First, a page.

Retiring Custodian "Shining Light" For Children, Staff

NASHVILLE, Tenn. - Before any of the children awake, Eakin Elementary School custodian Sam Wordlaw starts his day.

He turns off the alarm and turns on the lights around 5:30 every morning. And he sticks to a strict schedule. He has to - he's the only custodian cleaning up after 600 kids.

"It's the same thing every day," he said, "check bathrooms, check floors."

"(He) does it by himself without complaining, every day," said Principal Tim Drinkwine.

Wordlaw may not speak much, but his actions speak volumes for themselves. He regularly helps with feeding all the children and cleans up after them when they get sick.

"I love the kids, they're fun," Wordlaw said, "I like seeing them smile."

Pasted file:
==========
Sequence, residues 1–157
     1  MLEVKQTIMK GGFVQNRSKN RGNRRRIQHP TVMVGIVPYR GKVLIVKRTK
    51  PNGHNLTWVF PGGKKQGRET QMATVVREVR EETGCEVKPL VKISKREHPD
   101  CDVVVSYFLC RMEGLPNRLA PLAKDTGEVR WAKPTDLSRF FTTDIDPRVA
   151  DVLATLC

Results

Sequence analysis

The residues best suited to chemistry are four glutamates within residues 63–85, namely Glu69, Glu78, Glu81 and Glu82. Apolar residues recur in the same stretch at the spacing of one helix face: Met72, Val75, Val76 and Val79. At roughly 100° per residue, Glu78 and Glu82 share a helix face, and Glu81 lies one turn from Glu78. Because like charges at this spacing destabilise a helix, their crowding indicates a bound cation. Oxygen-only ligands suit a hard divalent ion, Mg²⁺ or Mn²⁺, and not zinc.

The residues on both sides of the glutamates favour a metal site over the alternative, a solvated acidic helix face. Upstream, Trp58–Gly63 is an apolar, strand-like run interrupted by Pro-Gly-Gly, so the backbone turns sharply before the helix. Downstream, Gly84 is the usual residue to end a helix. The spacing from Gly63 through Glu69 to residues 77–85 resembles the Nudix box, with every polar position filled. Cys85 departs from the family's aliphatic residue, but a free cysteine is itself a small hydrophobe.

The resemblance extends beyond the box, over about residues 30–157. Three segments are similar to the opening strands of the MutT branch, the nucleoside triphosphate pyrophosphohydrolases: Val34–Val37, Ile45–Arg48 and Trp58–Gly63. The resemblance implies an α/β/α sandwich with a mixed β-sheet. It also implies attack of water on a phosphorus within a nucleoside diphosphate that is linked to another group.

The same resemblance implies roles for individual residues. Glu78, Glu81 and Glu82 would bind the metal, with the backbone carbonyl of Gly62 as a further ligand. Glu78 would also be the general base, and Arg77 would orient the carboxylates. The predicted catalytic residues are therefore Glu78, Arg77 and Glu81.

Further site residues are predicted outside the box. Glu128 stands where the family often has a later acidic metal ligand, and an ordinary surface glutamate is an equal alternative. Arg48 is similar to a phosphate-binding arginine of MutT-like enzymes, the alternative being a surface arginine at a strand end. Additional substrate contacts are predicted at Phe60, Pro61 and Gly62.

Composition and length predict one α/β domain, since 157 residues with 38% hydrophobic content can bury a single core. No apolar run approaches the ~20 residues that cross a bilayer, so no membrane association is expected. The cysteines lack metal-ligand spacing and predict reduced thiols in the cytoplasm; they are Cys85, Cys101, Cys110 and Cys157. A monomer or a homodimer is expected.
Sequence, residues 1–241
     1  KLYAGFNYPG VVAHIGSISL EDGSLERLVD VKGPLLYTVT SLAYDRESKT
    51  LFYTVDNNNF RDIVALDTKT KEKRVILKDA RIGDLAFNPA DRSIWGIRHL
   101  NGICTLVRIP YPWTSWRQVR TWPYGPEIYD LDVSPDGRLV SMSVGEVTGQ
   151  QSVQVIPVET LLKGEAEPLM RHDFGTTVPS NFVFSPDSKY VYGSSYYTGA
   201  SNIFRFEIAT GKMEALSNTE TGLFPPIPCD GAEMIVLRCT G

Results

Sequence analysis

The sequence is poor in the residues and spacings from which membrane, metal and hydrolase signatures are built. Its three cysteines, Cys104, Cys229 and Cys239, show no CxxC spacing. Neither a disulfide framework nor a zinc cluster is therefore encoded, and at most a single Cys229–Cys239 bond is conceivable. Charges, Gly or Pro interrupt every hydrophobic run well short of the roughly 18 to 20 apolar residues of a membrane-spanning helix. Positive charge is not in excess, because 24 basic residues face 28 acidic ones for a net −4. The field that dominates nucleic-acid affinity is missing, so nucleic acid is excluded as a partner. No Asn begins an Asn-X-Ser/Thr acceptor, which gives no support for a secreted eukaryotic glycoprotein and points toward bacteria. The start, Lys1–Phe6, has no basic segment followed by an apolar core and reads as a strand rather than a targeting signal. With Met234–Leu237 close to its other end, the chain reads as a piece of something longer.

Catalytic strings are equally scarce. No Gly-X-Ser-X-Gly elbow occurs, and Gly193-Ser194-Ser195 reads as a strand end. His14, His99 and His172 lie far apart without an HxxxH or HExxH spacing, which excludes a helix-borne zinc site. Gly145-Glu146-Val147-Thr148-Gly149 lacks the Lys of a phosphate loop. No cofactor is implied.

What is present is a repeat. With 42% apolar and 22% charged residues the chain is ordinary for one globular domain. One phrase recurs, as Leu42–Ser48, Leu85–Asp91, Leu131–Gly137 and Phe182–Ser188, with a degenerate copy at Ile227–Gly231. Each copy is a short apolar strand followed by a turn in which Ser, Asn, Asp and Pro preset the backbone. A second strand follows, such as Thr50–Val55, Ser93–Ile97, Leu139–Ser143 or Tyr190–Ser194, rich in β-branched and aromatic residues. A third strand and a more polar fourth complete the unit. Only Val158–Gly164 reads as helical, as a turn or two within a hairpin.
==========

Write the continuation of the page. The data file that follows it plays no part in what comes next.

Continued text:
Emotions are mixed on Thursday, which is also Wordlaw's last day.

His feet have walked miles in the halls. But it was his hands that finally had enough. He needs surgery and months of recovery time.

"I've been working with a broken bone thinking it was carpal tunnel, didn't realize it," he said, showing a brace on each hand, one for his broken bone and one for carpal tunnel.

He says after 31 years, his injury finally led him to retire.

"We love you! We are going to miss you dearly," a teacher came up to hug Wordlaw in the cafeteria as her class walked in.

Each student high-fived him and handed him cards they made themselves, filled with thank yous and goodbyes.

"He's a shining light in a world that needs that," Prinicpal Drinkwine said.

Surprised by the cards and the extra attention from the kids, a quiet Wordlaw appears a little overcome with emotion.

"Oh I love it, I'm gonna miss it," he said, looking at the children. With more than 30 years of memories at Metro Schools, he walks out Thursday with a smile.

And a promise to come back to visit everyone soon.

Print this article Back to Top